In fact, some women are born without a hymen at all. If you’re experiencing pain or bleeding after intercourse, talk to your gynecologist. He or she will be able to assess whether or not you’ve experienced an injury in addition to performing any other examinations which may be necessary.

It’s also possible to lose your virginity through non-penetrative activities like masturbation. Your hymen can break as a result of some gymnastic moves, like splits, which means that there’s no way to know for sure if you’re still a virgin.

It’s also important to know that if you break your hymen during exercise, it will likely heal on its own. The natural process of repair can take a few weeks, so it is unlikely that you’ll need medical intervention. However, you should still talk to your gynecologist in case there are other issues involved.

It’s also important to remember that you can break your hymen without having sex. Don’t feel pressured by partners or family members into doing anything you don’t want to do. If you want to experiment with sex, that’s fine; if not, that is also fine.

4. You can get it wet!

It may seem strange, but believe it or not, you’re supposed to get your vagina wet (no, we’re not referring to getting her in bed). Just like any other organ of your body, it can dry out — and that can cause problems. The vagina has a natural balance of bacteria in it for its health and wellbeing, says Dr. Ojeme.

5. There are many reasons why vaginas can smell bad:

Some women have bacteria overgrowth in their vaginal areas, while others may have an issue with pH. As long as you stay on top of your personal hygiene, there’s nothing to worry about.

The vagina is a self-cleaning organ. It doesn’t need to be scrubbed, washed or douched regularly – in fact, doing so could damage your sensitive vaginal tissues and cause an infection or even cancer. Instead, vaginas should only be washed when necessary – for example, after using the toilet. You can also use a mild soap like Dove or Dermacare but make sure to wash it off completely afterwards.

Your vagina is home to a large number of bacteria. These bacteria help keep your vagina healthy, but can cause vaginal odors if you don’t stay on top of your personal hygiene. You can reduce or eliminate odor by keeping clean, washing regularly and avoiding douching.

Your vagina’s pH may vary during your monthly cycle. The normal vaginal pH is between 3.5 and 4.5, but can rise or fall depending on your menstrual cycle. For example, if you have an abundance of yeast in your vagina, it will cause a higher-than-normal level of acidity – making you more susceptible to infections during certain times of month than others.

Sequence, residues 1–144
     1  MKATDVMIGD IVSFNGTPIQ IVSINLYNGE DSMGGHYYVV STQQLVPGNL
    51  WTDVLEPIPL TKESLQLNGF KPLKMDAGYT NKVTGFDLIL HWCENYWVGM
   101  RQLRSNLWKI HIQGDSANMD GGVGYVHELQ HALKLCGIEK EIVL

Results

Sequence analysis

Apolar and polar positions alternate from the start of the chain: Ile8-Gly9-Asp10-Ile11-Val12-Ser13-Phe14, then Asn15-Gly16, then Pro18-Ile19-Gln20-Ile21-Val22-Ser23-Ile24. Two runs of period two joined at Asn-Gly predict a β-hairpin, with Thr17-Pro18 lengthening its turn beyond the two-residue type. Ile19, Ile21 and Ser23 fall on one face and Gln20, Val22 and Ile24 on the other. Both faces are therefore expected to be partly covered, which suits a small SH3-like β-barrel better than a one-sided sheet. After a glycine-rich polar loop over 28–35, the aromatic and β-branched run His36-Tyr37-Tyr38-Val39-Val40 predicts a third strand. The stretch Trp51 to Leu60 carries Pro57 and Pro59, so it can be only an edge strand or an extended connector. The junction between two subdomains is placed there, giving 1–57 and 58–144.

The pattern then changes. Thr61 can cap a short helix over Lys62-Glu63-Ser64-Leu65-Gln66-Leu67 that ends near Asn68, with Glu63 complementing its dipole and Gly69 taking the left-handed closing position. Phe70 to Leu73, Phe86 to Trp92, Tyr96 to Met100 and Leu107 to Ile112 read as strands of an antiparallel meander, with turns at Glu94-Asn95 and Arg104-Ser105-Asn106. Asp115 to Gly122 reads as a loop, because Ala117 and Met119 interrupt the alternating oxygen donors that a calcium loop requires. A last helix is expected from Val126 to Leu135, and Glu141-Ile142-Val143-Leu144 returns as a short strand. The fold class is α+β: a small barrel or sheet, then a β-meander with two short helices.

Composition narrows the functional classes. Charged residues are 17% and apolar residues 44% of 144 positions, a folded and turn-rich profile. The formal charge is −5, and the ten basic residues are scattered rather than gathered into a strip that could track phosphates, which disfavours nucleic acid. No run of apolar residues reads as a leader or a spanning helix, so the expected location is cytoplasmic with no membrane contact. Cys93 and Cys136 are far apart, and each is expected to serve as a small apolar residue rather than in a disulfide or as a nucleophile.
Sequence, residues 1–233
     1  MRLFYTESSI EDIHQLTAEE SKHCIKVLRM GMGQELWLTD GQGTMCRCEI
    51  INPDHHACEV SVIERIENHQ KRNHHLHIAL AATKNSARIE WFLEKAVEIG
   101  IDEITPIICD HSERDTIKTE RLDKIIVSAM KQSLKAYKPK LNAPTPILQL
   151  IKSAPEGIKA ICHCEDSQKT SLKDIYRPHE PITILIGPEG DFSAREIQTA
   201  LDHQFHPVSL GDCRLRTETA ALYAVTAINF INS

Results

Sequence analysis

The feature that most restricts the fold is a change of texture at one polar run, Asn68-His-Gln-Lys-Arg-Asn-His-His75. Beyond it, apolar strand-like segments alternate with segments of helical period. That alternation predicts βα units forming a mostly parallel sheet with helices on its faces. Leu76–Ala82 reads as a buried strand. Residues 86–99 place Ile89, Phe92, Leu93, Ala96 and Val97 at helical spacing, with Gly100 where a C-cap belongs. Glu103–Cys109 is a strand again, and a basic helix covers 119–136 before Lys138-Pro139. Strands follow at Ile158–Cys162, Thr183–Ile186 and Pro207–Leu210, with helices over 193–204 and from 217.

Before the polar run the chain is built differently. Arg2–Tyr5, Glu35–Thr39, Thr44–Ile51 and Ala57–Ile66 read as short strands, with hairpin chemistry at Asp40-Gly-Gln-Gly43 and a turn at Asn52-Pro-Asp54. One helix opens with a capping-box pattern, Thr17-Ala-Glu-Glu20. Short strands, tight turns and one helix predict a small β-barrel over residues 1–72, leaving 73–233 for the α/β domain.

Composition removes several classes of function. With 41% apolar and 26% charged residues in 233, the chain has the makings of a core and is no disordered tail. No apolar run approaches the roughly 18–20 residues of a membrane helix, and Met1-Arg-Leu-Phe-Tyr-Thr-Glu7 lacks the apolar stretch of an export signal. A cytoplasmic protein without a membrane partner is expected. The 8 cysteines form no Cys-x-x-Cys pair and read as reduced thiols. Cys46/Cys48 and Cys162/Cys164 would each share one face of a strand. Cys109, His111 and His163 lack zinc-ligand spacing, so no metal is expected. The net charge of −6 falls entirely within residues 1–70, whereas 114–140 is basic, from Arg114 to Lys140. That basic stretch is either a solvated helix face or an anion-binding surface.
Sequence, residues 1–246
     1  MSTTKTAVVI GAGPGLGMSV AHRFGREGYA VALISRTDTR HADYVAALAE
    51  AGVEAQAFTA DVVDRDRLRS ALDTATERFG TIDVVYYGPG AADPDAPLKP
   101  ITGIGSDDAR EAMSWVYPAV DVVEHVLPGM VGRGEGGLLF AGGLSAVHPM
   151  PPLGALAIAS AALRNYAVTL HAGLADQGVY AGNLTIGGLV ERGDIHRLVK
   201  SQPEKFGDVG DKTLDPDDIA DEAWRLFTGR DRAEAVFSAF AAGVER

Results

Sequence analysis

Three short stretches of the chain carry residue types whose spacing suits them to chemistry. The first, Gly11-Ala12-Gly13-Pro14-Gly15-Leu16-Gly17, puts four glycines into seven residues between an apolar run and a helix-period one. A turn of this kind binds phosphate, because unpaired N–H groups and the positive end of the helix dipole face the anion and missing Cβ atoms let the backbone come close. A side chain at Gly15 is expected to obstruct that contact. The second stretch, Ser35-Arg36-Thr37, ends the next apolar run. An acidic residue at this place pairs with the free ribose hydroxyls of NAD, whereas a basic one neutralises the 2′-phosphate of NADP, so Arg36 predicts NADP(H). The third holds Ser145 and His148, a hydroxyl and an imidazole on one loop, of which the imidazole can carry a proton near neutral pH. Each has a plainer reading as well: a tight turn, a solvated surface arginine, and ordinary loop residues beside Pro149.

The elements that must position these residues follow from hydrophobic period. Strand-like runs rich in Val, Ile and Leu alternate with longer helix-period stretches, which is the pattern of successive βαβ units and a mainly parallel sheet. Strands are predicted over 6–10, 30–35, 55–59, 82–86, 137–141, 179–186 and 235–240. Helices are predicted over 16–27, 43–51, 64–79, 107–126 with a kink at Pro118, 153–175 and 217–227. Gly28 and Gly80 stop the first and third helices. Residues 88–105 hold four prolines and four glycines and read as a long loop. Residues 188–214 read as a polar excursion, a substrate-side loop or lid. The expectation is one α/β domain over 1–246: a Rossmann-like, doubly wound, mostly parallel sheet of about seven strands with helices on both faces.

Wearing tight-fitting clothing may cause your vagina to smell. Tight undergarments like thongs or tight-fitting yoga pants can cause bacteria to build up in your vaginal area, leading to odors. To avoid smelly vaginas, make sure you wear loose fitting underwear and pants that give your genitalia enough room to breathe.

You can reduce vaginal odor by staying hydrated. Dehydration can cause your vagina to sweat, which will lead to odors. To avoid fishy smelly vaginas, drink at least eight glasses of water every day and reduce alcohol consumption if you have a bad habit of getting dehydrated often. Drinking enough water can also help keep your vaginal pH balanced and prevent yeast infections – another common cause of smelly vaginas.

6. There is no normal:

As you know, every vagina is different — and it’s important to note that there is no normal when it comes to vaginal odor. For example, some women will notice a stronger odor than others (this can be caused by an imbalance in hormones), and many people are under the impression that fishy or sour smells mean something is wrong with your pH balance.

Did you know that your diet has a huge impact on how your vagina smells?

If you’re concerned about a strong odor, try eating less red meat and dairy products. Instead, load up on green leafy vegetables, which contain chlorophyll — the stuff that makes plants look green.

Eating fiber will also help because it moves slowly through your digestive system, helping to reduce bloating, gas and constipation. Meanwhile, drinking plenty of water will ensure that there’s a steady supply of fresh urine that can keep your vagina clean.

Don’t forget that your vaginal health is directly linked to your general health. That means you should always be mindful of what you eat, how much exercise you get and how often you go to bed early for a good night’s sleep. Not only will these factors impact how you feel in general, but they can also make a difference in terms of vaginal odor.

7. How our underwear affects vaginal health:

In order to know how to take care of your vagina and keep it healthy, you need to be aware of certain factors. Our underwear can make a huge difference. The material we wear on our bodies has a direct impact on our vaginal health. Everything from underwear made from cotton or bamboo instead of synthetic materials will help fight against bacteria and keep your vagina healthy.